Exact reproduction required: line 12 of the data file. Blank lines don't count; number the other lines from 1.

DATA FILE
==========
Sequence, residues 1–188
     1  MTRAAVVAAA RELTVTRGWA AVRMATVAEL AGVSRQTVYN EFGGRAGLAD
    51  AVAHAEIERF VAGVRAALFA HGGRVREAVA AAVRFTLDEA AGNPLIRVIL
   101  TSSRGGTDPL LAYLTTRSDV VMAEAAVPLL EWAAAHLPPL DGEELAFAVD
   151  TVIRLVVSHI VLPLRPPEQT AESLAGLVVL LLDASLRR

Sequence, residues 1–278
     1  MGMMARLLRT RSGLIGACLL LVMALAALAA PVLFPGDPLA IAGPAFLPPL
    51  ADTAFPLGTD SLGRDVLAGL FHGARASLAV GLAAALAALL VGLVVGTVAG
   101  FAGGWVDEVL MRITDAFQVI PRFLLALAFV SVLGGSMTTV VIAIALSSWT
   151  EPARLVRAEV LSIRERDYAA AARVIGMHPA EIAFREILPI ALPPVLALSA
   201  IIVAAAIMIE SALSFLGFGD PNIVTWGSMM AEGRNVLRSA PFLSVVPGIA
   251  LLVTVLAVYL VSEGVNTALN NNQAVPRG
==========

   251  LLVTVLAVYL VSEGVNTALN NNQAVPRG